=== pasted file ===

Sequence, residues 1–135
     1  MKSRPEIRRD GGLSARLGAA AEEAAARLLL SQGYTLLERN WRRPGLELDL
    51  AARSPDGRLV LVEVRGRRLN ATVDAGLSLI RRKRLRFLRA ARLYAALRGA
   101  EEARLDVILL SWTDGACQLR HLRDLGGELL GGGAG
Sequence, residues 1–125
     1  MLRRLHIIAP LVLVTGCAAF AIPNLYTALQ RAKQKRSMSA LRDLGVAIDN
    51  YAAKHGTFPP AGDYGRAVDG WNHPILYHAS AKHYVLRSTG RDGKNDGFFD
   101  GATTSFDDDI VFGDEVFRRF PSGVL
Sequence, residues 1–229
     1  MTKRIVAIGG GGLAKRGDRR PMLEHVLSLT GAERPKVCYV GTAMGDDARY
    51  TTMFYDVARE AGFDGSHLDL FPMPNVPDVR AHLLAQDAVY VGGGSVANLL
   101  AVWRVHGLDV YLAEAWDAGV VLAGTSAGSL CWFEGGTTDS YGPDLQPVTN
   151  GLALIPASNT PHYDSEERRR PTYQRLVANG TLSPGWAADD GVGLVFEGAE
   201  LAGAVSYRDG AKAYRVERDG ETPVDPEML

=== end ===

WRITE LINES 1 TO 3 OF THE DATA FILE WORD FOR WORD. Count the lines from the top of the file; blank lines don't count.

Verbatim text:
Sequence, residues 1–135
     1  MKSRPEIRRD GGLSARLGAA AEEAAARLLL SQGYTLLERN WRRPGLELDL
    51  AARSPDGRLV LVEVRGRRLN ATVDAGLSLI RRKRLRFLRA ARLYAALRGA